Grampa's switched up his staging here, as well, and though it's certainly the product of necessity in a comic that has to begin and end in as much space as the best Mesmo sequences used to show maybe thirty seconds passing, he takes up the challenge and turns it out in style. Where Mesmo took pains to construct slow builds from pure-atmospheric silences to towering heights of violence, there's revelation in in utter noisemaking here. "Dear Logan" is a nonstop carnival of blood and dark absurdism on par with the best of Josh Simmons or Johnny Ryan, but Grampa takes up different threads of degradation -- desperate lives, psychological fugue states, sexual violence, plenty of samurai swords to guts -- and weaves them into a glittering tapestry of broken glass and trauma. It's like watching Mesmo get run through a blender, with all the crescendos and he-can't-get-away-with-that moments chopped together and held up with panel-gutter duct tape. There's no room for a build to the bang here: it's just scraping and slamming all the way through, getting louder and louder until everything cuts out for a final page of desolated silence. These layouts are full of money shots, points of impact stretched out in sharp processionals, and the panels that let us catch our breath are the still shots of monstrous fight promo posters or hearts flying through smoke-scented air. It's not all ugliness here, though. The refinement and consideration of Grampa's maximalist linework must be beheld to be believed, and the deep-focus establishing shots come close to Kurosawa in their harmonious placement of pictorial elements.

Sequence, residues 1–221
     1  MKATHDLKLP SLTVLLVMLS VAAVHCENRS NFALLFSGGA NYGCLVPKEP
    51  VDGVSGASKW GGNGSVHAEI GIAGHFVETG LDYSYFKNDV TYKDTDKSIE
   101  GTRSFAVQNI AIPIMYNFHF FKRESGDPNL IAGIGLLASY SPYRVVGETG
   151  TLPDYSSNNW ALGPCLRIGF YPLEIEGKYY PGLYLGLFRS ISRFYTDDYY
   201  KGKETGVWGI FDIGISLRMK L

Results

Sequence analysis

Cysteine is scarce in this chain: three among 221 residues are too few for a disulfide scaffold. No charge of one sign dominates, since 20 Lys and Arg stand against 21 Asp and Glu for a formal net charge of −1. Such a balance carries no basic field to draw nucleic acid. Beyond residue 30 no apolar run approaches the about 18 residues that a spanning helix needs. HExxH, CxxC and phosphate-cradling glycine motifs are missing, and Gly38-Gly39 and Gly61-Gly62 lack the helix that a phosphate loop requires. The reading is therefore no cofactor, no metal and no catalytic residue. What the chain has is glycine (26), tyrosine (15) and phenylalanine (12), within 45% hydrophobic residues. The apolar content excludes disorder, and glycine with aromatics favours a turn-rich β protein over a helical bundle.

But most significantly, "Dear Logan" is an absolutely heartbreaking story. Stranded in the seething mass of bloat and spotted blacks that forms the audience for the story's mutant deathmatches is a beautiful woman, crying. Any eight-pager has to get a lot across with the pictures that can't fit in the words, but the sheer poetic power of that image as Grampa draws it is like a cold fist to the throat. It's especially revealing, especially touching, when we realize that this post-Lichtenstein vision of loveliness is the first actual attractive person to have made it into Grampa's comics, set down in the ugliest, most brutal environment he's ever drawn. Grampa isn't an artist who makes every woman some refined and gorgeous creature: his people are ugly in and out, playing the blackest of danse macabre roles across split, ruined inkscapes. As such, the image of a lovely person has no small amount of telegraphic effect: in this story about ugly people doing ugly things, we take it for granted that this woman's soul is as soft as her face. A reason for Grampa's blown-out, deathly setting appears. This is the world grace and good are given to survive in. The mere sight of something beautiful against this hideous background is touching. Witnessing its struggle against the stale, stenching darkness that fills its pores and brushes up against its hair is nothing less than tear-inducing.